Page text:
tech-mahindra-bags-satyam

Tech Mahindra bags Satyam

The telecom outsourcing company of the Mahindra group will pay around $580 million to acquire 51% of Satyam Computer, ending the saga of India's biggest corporate fraud.

Tech Mahindra has emerged the winner of an auction for control of Satyam Computer Services with a bid of $351 million for a 31% stake in the company. Tech Mahindra's total outlay, including an offer to minority shareholders that is capped at 20%, will be around $580 million.

Tech Mahindra will effect the acquisition through a wholly-owned subsidiary Venturbay Consultants. This structure was designed to ensure that the buyer's liability was limited to its equity contribution. Satyam is currently facing litigation from customers and investors, especially in the US, where the financial fallout is unclear. Some analysts have, however, estimated it will be within $200 million.

The bidding process for Satyam was formally launched in March. The deal has been completed in a very short span of time, confirming that India's oft-criticised lumbering bureaucracy can function efficiently when it sets its mind to it. Satyam's board was reconstituted on January 9 and investment banks were called in to discuss strategic options shortly thereafter. The winning bidder was announced within three months of the new board's first meeting.

"The only significant condition precedent which remains is Company Law Board [CLB] approval," says a source close to the situation. Under Indian regulations, change of control of a company through the route of preferential allotment is allowed only if shareholders approve the deal. Given the peculiarities of this case, the CLB will approve the deal and the need for shareholder approval has been dispensed with.

Goldman Sachs and Avendus Capital are financial advisers to Satyam, while Amarchand & Mangaldas & Suresh A. Shroff and Latham & Watkins provided legal advice. Tech Mahindra said it was advised in a lead role by Kotak Investment Banking, supported by UBS, with P&A and Jones Day acting as legal counsel.

"[The Tech Mahindra takeover] ought to dispel the anxiety of all stakeholders as it re-positions the company's commitment to revival and good governance." Satyam's chairman of the board, Kiran Karnik, says in a written statement.

The winning bidder was selected based on both financial and technical criteria. The technical criteria included: the corporate governance and management track record of the bidder; its corporate behaviour record, including corporate social responsibility policies and information pertaining to past conduct in companies that it has managed; its track record in managing distressed companies; and other criteria unique to this M&A situation.

Tech Mahindra will buy 303 million new shares of Satyam, representing a 31% ownership stake in the firm, at a price of Rs58 ($1.16) per share, which will result in a $351 million capital injection into the firm.

Indian takeover law makes it mandatory for Tech Mahindra to offer minority shareholders of the company an opportunity to exit at the same, or higher, price. Accordingly, Tech Mahindra will make a general offer to buy another 20% of the enlarged share capital at a minimum price of Rs58 per share, taking its total outlay to around $580 million.

If Tech Mahindra does not succeed in buying 20% of the outstanding shares, it has an option to acquire more new shares to take its shareholding to 51%.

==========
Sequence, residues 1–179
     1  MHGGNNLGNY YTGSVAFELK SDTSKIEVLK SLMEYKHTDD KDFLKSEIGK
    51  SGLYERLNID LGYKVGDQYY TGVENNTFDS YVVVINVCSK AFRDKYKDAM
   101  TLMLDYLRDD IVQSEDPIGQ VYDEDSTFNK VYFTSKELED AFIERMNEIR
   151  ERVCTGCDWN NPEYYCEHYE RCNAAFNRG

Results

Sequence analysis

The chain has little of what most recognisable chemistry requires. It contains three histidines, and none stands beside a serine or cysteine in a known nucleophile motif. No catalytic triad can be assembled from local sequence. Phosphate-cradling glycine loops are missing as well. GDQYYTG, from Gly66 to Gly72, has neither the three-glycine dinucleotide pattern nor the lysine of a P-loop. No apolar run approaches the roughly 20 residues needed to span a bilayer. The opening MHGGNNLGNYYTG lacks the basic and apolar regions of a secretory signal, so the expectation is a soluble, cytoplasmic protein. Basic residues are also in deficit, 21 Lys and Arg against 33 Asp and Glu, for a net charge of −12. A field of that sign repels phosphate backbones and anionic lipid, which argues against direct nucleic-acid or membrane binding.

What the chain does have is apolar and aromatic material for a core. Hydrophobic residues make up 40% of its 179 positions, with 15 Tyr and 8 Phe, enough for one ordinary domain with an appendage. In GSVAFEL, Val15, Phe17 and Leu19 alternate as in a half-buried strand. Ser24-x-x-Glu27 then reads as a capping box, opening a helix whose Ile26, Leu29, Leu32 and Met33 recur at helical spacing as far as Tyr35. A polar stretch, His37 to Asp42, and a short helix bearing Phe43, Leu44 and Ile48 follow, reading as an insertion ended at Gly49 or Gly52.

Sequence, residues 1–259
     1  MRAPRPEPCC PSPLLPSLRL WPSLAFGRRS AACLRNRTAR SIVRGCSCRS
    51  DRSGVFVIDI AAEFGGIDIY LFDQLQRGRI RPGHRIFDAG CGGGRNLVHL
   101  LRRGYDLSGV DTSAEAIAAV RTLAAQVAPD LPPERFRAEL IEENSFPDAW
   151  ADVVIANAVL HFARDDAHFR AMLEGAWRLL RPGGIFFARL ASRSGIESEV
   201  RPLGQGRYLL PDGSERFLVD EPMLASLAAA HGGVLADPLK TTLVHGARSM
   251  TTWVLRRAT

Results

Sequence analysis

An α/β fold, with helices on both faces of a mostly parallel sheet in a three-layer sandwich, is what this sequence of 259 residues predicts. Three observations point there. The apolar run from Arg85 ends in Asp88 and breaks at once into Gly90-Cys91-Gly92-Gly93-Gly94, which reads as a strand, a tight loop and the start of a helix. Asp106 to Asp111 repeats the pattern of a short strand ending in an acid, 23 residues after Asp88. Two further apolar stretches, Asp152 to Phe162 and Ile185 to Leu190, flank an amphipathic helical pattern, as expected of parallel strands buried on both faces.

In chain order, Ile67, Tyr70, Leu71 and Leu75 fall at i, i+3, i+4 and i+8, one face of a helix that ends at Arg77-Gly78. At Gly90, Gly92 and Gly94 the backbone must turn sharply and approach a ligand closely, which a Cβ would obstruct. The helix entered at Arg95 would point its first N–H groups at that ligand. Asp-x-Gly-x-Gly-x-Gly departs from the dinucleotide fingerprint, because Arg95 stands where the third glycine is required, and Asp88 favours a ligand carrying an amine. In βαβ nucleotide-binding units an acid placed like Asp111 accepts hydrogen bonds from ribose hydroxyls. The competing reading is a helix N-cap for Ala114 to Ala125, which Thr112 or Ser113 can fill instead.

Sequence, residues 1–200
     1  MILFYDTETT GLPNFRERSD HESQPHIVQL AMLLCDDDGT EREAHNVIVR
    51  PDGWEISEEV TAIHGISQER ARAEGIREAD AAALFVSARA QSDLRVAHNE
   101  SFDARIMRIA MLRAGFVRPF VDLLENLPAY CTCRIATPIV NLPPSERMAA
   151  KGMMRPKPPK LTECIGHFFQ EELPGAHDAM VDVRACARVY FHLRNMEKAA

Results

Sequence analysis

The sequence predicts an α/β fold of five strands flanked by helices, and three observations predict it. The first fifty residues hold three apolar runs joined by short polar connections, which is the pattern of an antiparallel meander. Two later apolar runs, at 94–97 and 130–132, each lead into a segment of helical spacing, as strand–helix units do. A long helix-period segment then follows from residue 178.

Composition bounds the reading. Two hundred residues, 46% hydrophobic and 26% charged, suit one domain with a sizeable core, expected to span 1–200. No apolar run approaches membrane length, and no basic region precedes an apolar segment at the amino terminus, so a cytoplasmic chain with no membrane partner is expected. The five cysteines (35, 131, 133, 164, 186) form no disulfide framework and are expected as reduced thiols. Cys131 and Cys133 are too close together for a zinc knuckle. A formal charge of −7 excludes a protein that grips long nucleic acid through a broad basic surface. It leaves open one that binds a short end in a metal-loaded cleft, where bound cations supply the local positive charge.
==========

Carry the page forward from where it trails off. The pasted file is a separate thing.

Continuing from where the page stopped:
Other bidders included Indian engineering firm Larsen & Toubro and distressed debt specialist investor Wilbur Ross.

Satyam was founded by Ramalinga Raju in 1987, but his shareholding in the firm had been whittled down to less than 10% by the end of last year. Raju was executive chairman of the firm with other family members in key positions. Under Raju's watch Satyam grew to become one of India's leading information technology majors with around 55,000 employees.

But corporate India and the world were shaken in January when it emerged that ongoing accounting fraud at Satyam had left the balance sheet with a hole of more than $1 billion, while revenues and profits had been over-stated for several years. Satyam's auditors PricewaterhouseCoopers resigned and Deloitte and KPMG are currently trying to recast Satyam's past accounts.

"Transaction multiples being bandied about are not really relevant when both revenues and profits are a question mark," comments a source.

The case is the biggest corporate fraud seen in India. Raju, his brother and some Satyam and PWC executives are currently in jail. One of the many conspiracy theories doing the rounds in India is that Raju's forays into real estate lost so much money for so many that jail is the only place for him to be safe from retribution from the rich and powerful whose money he has lost.

Buyer Tech Mahindra was formed as a 50:50 joint venture between Indian business group the Mahindras and British Telecom. BT's stake in the company has been reduced to around 31% following an initial public offering in 2006, but Tech Mahindra still derives around 60% of its revenue from the telecom operator. The acquisition will help Tech Mahindra to diversify its revenue streams across a wider array of customers in terms of both industry and location.

But the question is whether Tech Mahindra will be able to stem the flood of business Satyam has been losing since the fraud was discovered.

The buyer seems fully aware of the challenges it faces, judging by statements made since it emerged the winner on Monday evening. Anand Mahindra, scion of the group and non-executive chairman of Tech Mahindra, said yesterday that reassuring Satyam's roster of clients, which includes multinationals like Nestle and Citi, that the firm was back on track would be a personal priority for him over the immediate future.

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